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MUSIC REVIEW : Asawa: Countertenor Revelations


The countertenor isn't exactly a new breed. Men--real men--often sang with sweet, high, possibly effeminate voices way back in the Middle Ages.

For most impractical and essentially myopic purposes, however, the modern movement began with a heroic nonconformist named Alfred Deller, who made his London debut in 1943. A lyric baritone with a drastically extended, carefully cultivated top range--quasi-falsetto--he started a precious trend.

Benjamin Britten wrote the otherworldly music of Oberon in "A Midsummer Night's Dream" with Deller's tone in mind. Rivals and successors soon began to materialize--Russell Oberlin, James Bowman, John Ferrante, among others--and opera companies began to cast them in ornate Baroque roles originally intended for castrati (virtuosic gentleman who, pre-puberty, had been forced to give their all for art).

Countertenors were supposed to make high, sweet, tiny, flexible sounds. No one expected much power, much dynamic variety or much sensuality from a vocal apparatus that, it could be argued, was artificially produced.

Forget all that. At least, forget most of it. Two newcomers on the front happen to be blessed with extraordinarily beautiful voices, superb techniques and, hardly incidentally, the sort of personalities that could stimulate star cults above and beyond the rarefied realm of the early-music specialist.

In Germany there is Jochen Kowalski. In America there is Brian Asawa.

Asawa, 28 and a proud product of Southern California, left an imposing calling card last month in Handel's "Xerxes" with the Music Center Opera. Friday night, he revealed more of his extraordinary gifts in an uncompromising debut recital at the Japan America Theatre.

Delicately accompanied by lute (Michael Eagan) and bass viol (Mark Chatfield), Asawa began with music of Dowland and Purcell. The tone was amazingly pure, the expressive scale subtle, the interpretive stance restrained yet always urgent.

Then, with Armen Guzelimian providing sensitive collaboration on a sometimes incongruous modern piano, Asawa turned to a dramatic cantata by Vivaldi, a gutsy aria by Handel, varied Romantic Lieder of Schubert, exquisite melodies of Faure, and, finally, some witty modernist miniatures by Ned Rorem.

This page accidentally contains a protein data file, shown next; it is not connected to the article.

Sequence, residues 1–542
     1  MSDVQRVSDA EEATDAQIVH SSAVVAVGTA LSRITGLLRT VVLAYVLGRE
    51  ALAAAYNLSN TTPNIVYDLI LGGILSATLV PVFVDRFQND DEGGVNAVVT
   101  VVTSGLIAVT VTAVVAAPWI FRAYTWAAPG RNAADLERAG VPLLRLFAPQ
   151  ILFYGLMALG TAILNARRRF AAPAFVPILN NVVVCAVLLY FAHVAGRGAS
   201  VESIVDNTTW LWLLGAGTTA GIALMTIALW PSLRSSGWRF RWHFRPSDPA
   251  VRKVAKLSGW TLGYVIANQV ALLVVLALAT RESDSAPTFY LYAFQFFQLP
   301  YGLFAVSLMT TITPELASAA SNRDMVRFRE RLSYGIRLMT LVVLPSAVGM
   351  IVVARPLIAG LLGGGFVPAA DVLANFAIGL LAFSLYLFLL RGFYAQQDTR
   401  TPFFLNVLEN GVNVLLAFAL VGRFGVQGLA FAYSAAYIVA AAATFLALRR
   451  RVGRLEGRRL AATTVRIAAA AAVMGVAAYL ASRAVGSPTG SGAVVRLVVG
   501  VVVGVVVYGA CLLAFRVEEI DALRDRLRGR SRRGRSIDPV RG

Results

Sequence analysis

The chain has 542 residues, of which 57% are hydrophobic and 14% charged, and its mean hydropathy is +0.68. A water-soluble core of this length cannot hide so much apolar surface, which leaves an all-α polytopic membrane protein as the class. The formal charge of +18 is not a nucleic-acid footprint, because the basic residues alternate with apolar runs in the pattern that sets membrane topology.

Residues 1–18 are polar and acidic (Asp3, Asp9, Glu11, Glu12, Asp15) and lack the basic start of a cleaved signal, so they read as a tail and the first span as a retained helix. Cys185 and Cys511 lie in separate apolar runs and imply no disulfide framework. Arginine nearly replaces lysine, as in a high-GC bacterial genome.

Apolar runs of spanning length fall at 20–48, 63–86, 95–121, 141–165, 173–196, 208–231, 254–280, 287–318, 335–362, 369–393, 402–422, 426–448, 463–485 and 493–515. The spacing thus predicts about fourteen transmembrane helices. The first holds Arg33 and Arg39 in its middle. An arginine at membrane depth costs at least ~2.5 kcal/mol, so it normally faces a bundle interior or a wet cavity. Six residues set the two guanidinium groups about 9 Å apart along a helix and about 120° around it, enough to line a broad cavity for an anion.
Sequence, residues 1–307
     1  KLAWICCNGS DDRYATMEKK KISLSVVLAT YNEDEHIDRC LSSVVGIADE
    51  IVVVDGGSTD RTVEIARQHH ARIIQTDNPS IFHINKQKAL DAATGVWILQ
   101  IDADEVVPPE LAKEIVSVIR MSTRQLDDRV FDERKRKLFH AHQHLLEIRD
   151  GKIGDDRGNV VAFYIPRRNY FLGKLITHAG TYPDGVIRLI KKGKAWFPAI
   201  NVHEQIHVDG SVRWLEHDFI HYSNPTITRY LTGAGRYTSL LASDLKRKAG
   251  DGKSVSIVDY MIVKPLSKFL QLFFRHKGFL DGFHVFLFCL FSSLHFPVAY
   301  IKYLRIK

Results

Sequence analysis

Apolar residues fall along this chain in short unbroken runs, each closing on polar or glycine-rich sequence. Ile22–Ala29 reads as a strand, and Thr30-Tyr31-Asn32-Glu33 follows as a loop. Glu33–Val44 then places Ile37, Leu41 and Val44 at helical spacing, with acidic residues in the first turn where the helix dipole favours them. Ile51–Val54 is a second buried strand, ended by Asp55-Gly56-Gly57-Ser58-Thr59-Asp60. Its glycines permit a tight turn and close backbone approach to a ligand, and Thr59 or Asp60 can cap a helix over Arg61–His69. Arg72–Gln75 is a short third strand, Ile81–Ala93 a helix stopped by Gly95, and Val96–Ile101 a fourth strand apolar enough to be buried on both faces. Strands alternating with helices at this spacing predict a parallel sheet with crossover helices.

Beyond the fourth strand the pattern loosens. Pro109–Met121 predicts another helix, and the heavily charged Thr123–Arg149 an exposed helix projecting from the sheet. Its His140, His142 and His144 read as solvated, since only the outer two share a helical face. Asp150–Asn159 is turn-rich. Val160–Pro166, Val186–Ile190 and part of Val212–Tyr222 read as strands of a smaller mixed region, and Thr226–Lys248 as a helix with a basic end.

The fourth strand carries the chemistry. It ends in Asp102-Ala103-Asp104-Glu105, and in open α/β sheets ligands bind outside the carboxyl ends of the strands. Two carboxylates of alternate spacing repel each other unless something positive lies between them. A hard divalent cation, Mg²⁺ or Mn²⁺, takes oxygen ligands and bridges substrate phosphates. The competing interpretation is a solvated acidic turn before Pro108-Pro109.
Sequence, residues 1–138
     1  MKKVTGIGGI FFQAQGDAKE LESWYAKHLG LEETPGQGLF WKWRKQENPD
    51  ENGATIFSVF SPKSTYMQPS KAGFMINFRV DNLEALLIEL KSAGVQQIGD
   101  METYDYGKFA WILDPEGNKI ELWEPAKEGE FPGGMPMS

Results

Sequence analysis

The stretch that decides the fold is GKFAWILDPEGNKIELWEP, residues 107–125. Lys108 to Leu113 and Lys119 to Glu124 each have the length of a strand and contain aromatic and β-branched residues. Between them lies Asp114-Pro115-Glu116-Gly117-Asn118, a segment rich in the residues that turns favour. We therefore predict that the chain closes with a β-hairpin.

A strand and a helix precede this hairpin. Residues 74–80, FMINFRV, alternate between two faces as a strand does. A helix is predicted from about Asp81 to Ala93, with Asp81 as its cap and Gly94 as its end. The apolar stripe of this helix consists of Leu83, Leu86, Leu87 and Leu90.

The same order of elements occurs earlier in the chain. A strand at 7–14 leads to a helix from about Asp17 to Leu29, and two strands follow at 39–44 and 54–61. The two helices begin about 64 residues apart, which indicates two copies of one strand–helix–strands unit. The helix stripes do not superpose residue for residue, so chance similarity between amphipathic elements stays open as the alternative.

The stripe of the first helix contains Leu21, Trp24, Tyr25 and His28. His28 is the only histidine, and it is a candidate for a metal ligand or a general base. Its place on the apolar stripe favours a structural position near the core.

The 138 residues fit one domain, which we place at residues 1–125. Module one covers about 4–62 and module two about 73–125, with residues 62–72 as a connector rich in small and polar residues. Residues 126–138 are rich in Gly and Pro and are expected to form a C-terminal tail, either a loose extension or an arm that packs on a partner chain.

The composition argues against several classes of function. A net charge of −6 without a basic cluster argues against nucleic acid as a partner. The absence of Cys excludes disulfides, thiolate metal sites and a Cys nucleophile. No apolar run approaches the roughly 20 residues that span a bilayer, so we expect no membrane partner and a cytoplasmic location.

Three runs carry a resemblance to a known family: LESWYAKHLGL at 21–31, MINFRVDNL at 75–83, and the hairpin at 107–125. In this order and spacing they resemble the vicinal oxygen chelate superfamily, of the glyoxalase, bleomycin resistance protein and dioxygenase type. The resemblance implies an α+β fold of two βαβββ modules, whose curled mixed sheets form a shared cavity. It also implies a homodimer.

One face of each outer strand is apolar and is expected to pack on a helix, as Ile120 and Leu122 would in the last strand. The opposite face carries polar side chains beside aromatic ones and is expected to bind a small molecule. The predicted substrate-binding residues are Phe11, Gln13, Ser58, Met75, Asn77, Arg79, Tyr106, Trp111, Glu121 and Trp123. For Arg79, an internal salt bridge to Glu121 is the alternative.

It was, to be sure, a discerning menu, and Asawa served it with unflagging generosity, with intelligence and elegance. It would be less than realistic to pretend that his dynamic range matches his coloristic range (that's probably the nature of the laryngeal beast), and it would be less than honest to claim that his agenda proved notable for any striking structural climaxes.

The abiding goal seemed to be muted introspection. A little of that can go a long way in the concert hall. Still, one had to be astounded by the singer's ease and grace under pressure, his daring and his fastidious concern for period detail. (If he is the one responsible, he also deserves applause for an impeccable program booklet, complete with texts, translations and helpful though uncredited annotations.)

Was everything perfect? Not quite. Even Asawa seems to be reassuringly human. Attacks sometimes began to sag in pitch as the evening wore on. Diction was occasionally sacrificed on the altar of surface prettiness. Schubert's passions remained subdued.

One inadvertent slip of the singer's tongue (or was it a slip of the listener's ear?) produced a bit of unintentional mirth. At the end of Faure's "Arpege," the poet sings of "dying in the midst of your hair"--"mourir parmi vos cheveux." Asawa, however, seemed to sing "mourir parmi vos chevaux "--which means "dying in the midst of your horses. " It isn't quite the same image.

At encore time, Asawa allowed himself some gentle flirtation with popular indulgences. Everything, of course, is relative.

First came a coloratura aria from Mozart's much-neglected "Ascanio in Alba," brilliantly dispatched. This was followed by a charming--and quite persuasive--appropriation of Cherubino's "Voi che sapete," an aria Mozart specifically wrote for a female soprano impersonating a male adolescent. To cap the evening, Asawa turned to "Che faro senza Euridice" from Gluck's "Orfeo," the singer's delicate eloquence perfectly reflected, and summarized, by Guzelimian in the keyboard postlude.

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